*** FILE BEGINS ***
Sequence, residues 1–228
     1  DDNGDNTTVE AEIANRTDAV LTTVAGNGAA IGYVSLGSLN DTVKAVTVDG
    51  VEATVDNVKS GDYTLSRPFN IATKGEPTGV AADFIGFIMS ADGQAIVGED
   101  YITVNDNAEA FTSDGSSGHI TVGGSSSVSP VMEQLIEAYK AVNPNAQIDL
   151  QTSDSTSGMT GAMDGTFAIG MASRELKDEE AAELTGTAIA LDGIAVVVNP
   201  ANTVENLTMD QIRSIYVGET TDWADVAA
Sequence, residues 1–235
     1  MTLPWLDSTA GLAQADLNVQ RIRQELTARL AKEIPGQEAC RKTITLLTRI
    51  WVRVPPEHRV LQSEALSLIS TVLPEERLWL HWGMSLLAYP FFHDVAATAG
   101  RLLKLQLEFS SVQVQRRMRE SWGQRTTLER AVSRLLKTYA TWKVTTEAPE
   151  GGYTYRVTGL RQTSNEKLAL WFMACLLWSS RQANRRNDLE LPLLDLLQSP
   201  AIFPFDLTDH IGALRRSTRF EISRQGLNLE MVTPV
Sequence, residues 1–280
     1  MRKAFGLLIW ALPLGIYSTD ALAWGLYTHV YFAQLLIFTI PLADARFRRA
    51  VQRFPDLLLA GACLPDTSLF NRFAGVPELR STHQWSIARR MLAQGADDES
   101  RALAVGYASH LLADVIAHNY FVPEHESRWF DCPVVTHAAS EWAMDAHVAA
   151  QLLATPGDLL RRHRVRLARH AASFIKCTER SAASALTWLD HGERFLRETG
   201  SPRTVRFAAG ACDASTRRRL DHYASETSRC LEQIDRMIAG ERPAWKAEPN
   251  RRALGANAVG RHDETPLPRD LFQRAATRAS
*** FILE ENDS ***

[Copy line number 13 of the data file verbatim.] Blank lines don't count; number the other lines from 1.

Sequence, residues 1–280